Using a combination of satellite and ground data, the team proposes that it is now possible to map biodiversity with an accuracy that has not been previously...
Heatwaves in the Arctic, longer periods of vegetation in Europe, severe floods in West Africa – starting in 2021, scientists want to explore the emissions of the greenhouse gas methane with the German-French satellite MERLIN. This is made possible by a new robust laser system of the Fraunhofer Institute for Laser Technology ILT in Aachen, which achieves unprecedented measurement accuracy.
Methane is primarily the result of the decomposition of organic matter. The gas has a 25 times greater warming potential than carbon dioxide, but is not as...
Hydrogen is regarded as the energy source of the future: It is produced with solar power and can be used to generate heat and electricity in fuel cells. Empa researchers have now succeeded in decoding the movement of hydrogen ions in crystals – a key step towards more efficient energy conversion in the hydrogen industry of tomorrow.
As charge carriers, electrons and ions play the leading role in electrochemical energy storage devices and converters such as batteries and fuel cells. Proton...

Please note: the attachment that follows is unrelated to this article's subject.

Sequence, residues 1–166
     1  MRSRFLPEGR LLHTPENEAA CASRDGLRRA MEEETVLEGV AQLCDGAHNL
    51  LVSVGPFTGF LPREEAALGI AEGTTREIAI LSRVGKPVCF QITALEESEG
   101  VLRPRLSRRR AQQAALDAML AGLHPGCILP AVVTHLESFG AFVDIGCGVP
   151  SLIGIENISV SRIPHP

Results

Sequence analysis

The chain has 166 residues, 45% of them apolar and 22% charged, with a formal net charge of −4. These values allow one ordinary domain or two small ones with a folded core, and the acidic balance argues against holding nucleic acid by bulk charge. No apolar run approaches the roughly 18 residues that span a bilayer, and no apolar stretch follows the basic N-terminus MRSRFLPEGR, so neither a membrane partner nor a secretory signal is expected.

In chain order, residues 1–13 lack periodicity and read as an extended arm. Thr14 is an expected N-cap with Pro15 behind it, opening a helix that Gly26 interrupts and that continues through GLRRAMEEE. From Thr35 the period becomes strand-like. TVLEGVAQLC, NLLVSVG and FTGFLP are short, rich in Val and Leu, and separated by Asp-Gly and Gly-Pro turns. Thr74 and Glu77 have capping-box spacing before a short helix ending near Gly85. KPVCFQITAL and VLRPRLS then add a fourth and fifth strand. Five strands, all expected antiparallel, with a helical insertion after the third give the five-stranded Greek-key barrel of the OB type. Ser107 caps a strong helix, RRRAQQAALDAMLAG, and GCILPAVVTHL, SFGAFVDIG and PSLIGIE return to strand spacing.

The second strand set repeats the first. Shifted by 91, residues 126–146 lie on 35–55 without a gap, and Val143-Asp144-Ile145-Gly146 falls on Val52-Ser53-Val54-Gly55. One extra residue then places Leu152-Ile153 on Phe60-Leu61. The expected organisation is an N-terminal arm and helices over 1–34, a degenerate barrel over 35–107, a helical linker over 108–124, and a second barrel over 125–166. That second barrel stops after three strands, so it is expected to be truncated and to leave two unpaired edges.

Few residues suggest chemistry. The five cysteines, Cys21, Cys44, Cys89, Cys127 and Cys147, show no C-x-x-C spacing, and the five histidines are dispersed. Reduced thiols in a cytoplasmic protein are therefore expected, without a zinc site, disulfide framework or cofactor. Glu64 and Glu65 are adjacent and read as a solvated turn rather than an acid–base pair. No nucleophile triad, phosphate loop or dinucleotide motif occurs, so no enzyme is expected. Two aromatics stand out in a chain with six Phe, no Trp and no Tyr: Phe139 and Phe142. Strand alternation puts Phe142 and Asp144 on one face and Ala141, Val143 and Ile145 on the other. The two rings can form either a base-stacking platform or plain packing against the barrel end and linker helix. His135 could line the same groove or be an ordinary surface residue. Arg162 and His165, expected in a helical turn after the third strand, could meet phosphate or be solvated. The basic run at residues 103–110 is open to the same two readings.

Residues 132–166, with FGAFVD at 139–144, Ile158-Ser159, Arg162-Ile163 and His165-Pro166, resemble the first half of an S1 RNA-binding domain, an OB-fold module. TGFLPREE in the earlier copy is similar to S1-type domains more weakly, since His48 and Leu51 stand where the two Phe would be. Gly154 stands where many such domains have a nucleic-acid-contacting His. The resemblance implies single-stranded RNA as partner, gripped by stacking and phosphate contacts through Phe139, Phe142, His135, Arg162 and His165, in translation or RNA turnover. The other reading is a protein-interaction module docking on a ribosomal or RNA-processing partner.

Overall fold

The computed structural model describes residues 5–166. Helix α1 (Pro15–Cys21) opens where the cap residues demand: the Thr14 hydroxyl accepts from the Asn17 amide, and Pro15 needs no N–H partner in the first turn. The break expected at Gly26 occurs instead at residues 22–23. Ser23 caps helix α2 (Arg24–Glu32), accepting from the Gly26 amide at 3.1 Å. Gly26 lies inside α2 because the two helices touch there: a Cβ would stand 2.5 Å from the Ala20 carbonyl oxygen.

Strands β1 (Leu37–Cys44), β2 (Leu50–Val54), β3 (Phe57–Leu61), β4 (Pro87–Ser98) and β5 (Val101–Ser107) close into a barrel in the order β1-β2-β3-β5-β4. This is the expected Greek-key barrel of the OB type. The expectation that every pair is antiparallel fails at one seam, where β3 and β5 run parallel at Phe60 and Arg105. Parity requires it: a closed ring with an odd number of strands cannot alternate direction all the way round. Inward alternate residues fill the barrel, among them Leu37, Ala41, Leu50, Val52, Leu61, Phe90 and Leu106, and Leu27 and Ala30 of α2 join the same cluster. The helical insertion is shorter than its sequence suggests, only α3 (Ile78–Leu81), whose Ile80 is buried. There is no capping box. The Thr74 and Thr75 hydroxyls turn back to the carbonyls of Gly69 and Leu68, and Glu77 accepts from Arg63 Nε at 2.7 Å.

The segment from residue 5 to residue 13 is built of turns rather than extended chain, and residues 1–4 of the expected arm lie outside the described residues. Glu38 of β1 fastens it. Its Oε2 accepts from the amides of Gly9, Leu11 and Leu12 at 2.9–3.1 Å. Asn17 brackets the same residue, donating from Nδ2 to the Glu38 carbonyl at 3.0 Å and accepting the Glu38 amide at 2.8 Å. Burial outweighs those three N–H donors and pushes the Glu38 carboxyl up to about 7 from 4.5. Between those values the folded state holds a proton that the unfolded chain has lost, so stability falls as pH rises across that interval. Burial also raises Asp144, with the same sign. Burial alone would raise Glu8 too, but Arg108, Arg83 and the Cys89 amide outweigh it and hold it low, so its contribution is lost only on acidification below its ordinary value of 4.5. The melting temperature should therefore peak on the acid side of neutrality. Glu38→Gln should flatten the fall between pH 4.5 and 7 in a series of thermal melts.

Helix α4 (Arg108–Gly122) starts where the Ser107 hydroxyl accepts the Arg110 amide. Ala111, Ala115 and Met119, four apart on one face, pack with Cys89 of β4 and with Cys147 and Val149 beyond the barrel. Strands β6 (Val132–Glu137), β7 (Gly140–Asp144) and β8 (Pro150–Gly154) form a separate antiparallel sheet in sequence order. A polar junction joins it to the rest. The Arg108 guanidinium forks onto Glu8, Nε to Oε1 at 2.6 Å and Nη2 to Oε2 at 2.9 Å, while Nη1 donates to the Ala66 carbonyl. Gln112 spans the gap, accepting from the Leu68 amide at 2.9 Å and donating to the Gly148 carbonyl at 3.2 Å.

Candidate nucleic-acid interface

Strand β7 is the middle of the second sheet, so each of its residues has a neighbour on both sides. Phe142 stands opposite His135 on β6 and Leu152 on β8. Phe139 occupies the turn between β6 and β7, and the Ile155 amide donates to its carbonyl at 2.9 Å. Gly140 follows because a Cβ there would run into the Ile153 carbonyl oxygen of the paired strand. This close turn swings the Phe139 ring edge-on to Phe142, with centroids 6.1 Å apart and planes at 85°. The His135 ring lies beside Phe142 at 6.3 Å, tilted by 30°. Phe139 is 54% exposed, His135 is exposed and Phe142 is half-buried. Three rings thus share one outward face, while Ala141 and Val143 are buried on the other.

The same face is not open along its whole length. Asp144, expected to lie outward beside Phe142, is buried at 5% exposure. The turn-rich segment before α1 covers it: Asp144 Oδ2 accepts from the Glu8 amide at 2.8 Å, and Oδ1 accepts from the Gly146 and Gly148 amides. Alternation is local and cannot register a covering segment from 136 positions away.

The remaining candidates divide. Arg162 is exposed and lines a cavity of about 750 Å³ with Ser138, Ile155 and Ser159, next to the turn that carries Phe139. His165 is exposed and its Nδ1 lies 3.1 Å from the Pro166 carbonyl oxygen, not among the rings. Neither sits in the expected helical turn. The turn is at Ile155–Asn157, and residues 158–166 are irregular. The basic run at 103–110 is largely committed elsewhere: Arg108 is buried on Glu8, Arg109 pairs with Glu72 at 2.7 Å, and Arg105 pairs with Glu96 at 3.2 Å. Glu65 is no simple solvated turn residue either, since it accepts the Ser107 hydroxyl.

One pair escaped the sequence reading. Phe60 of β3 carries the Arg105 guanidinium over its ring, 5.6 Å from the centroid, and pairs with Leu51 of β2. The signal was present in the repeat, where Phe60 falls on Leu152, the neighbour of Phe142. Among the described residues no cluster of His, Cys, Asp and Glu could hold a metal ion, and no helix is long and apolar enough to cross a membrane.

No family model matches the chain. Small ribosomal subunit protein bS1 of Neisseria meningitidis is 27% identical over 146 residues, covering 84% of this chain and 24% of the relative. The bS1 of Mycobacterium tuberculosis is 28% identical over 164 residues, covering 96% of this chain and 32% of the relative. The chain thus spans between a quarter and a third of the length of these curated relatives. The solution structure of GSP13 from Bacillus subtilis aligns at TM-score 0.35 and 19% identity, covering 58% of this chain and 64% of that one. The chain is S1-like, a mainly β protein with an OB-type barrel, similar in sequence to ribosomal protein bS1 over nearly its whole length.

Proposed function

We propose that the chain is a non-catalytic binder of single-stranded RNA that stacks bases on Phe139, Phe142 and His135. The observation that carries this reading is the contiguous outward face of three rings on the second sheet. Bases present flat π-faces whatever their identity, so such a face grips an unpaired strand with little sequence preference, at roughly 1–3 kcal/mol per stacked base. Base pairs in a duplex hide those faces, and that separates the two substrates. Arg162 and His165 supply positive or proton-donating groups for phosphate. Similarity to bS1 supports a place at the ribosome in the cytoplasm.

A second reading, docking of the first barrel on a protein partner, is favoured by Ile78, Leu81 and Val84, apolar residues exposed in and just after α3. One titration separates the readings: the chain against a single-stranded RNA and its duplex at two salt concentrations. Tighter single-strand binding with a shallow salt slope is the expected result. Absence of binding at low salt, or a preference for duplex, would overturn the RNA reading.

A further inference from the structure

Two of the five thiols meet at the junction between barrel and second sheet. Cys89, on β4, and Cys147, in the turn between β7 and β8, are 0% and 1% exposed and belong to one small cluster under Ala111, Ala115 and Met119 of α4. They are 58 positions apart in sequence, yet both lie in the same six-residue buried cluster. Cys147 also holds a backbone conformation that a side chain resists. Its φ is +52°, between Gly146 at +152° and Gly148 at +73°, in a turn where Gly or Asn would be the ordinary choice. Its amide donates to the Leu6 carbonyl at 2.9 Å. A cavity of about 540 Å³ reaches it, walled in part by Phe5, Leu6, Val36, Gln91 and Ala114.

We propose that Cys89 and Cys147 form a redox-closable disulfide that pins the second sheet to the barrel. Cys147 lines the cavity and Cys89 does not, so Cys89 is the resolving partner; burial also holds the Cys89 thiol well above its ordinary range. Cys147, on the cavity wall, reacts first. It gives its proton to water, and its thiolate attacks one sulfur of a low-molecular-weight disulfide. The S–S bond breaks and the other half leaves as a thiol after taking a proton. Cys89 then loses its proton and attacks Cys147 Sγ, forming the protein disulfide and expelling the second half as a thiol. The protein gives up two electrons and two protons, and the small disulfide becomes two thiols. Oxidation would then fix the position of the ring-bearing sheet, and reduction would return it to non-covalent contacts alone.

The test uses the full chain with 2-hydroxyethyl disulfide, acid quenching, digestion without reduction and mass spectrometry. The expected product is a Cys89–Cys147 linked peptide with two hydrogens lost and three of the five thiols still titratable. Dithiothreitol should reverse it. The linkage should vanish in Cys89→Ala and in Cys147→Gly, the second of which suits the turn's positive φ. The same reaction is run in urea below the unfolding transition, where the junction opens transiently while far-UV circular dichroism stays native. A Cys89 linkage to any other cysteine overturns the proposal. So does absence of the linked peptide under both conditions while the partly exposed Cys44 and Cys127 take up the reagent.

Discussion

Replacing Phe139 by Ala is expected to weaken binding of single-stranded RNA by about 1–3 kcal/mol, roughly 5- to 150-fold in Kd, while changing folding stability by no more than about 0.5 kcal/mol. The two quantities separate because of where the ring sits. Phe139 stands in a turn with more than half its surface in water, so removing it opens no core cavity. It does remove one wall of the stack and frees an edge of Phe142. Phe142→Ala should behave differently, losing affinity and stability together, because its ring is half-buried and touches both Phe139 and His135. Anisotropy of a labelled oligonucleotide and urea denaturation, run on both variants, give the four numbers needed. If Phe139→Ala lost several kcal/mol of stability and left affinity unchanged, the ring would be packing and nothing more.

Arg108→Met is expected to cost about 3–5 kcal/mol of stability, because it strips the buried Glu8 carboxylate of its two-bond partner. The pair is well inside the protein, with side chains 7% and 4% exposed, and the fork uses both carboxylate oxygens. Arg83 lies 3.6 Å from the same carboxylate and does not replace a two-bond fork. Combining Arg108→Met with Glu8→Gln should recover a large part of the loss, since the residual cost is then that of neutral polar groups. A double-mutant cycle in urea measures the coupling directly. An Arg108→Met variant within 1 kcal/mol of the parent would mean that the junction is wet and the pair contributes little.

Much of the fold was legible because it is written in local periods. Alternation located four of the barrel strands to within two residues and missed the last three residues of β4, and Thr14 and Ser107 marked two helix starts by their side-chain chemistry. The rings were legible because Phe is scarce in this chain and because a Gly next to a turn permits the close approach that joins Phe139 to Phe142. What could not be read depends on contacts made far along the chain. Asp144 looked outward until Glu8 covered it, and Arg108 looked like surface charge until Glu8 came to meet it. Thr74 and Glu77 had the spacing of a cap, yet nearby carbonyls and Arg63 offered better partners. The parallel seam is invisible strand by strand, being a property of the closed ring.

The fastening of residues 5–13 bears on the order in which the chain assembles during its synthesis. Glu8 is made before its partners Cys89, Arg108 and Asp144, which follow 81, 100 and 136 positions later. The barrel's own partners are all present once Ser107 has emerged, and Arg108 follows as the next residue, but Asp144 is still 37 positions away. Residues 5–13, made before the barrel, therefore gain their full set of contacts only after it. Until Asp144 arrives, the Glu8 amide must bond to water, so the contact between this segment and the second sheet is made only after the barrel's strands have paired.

Scientists from the Excellence Cluster Universe at the Ludwig-Maximilians-Universität Munich have establised "Cosmowebportal", a unique data centre for cosmological simulations located at the Leibniz Supercomputing Centre (LRZ) of the Bavarian Academy of Sciences. The complete results of a series of large hydrodynamical cosmological simulations are available, with data volumes typically exceeding several hundred terabytes. Scientists worldwide can interactively explore these complex simulations via a web interface and directly access the results.
With current telescopes, scientists can observe our Universe’s galaxies and galaxy clusters and their distribution along an invisible cosmic web. From the...
Temperature measurements possible even on the smallest scale / Molecular ruby for use in material sciences, biology, and medicine
Chemists at Johannes Gutenberg University Mainz (JGU) in cooperation with researchers of the German Federal Institute for Materials Research and Testing (BAM)...
19.06.2017 | Event News
13.06.2017 | Event News
13.06.2017 | Event News
23.06.2017 | Physics and Astronomy
23.06.2017 | Physics and Astronomy
23.06.2017 | Information Technology